1. Engineering numerical systems modelling 20.00
2. Solving case studies in engineering, drawn from areas such as mechanics, thermodynamics, structures, geomechanics, hydraulics and electromagnetics, that involve solving equations by iteration; solving sets of linear algebraic equations; regression and interpolation; data analysis; and numerical calculus, ordinary and partial differential equations. MATLAB will be the main tool employed in the solution of the case studies and emphasis will be given to problems that enhance the programming skills of students and that require the application of array and matrix operations; files, functions and data structures; and plotting. 80.00

Text and materials required to be purchased or accessed

ALL textbooks and materials available to be purchased can be sourced from USQ's Online Bookshop (unless otherwise stated). (

Please contact us for alternative purchase options from USQ Bookshop. (

  • Palm, WJ 2011, Introduction to MATLAB for engineers, 3rd edn, McGraw-Hill, New York.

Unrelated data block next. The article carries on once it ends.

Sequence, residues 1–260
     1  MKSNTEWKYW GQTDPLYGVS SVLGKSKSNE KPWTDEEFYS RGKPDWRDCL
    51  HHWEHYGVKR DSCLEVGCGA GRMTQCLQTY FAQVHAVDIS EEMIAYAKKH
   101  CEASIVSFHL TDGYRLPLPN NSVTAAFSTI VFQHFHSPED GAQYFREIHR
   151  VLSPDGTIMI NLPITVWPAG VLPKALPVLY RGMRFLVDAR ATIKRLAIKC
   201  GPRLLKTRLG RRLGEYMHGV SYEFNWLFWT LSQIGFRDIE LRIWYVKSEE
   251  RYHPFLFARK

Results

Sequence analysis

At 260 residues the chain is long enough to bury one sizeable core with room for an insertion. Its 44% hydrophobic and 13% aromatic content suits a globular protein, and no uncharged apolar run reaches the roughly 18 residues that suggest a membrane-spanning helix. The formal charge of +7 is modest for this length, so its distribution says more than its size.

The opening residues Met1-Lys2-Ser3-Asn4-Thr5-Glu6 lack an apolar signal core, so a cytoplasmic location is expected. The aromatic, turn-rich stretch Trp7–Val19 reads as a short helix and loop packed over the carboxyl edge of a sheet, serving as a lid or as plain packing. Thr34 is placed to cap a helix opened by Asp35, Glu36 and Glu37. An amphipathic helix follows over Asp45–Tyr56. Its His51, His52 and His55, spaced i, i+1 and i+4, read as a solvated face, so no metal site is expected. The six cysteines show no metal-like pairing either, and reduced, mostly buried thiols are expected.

• MATLAB & Simulink software Student Edition. Students must ensure that they have MATLAB, Simulink and the Statistics Toolbox.

Reference materials

Reference materials are materials that, if accessed by students, may improve their knowledge and understanding of the material in the course and enrich their learning experience.
  • Austin, M & Chancogne, D 1999, Introduction to engineering programming: in C, Matlab and Java, Wiley, New York.
  • James, G et al 2007, Modern engineering mathematics, 4th edn, Prentice Hall, Harlow.
  • Kiusalaas, J 2010, Numerical methods in engineering with MATLAB, 2nd edn, Cambridge University Press, Cambridge.
    (eBook available.)
  • Kreyszig, E 2011, Advanced engineering mathematics, 10th edn, Wiley, Hoboken, NJ.
  • Yang, W-Y, Cao, W & Chung, T-S 2005, Applied numerical methods using MATLAB, J. Wiley, Hoboken, NJ.
    (eBook available.)
  • Books with ?Programming? in the title focus on the MATLAB language and environment, while books with ?Numerical Methods? in the title tend to have cursory introductions to the MATLAB language and environment and instead focus on a wider range of numerical methods.

Student workload requirements

Activity Hours
Assessments 66.00
Examinations 2.00
Lectures 20.00
Private Study 41.00
Tutorials 26.00

Assessment details

Description Marks out of Wtg (%) Due Date Notes
ASSIGNMENT 1 50 5 17 Aug 2015
ASSIGNMENT 2 250 25 18 Sep 2015
ASSIGNMENT 3 300 30 23 Oct 2015

Important assessment information

  1. Attendance requirements: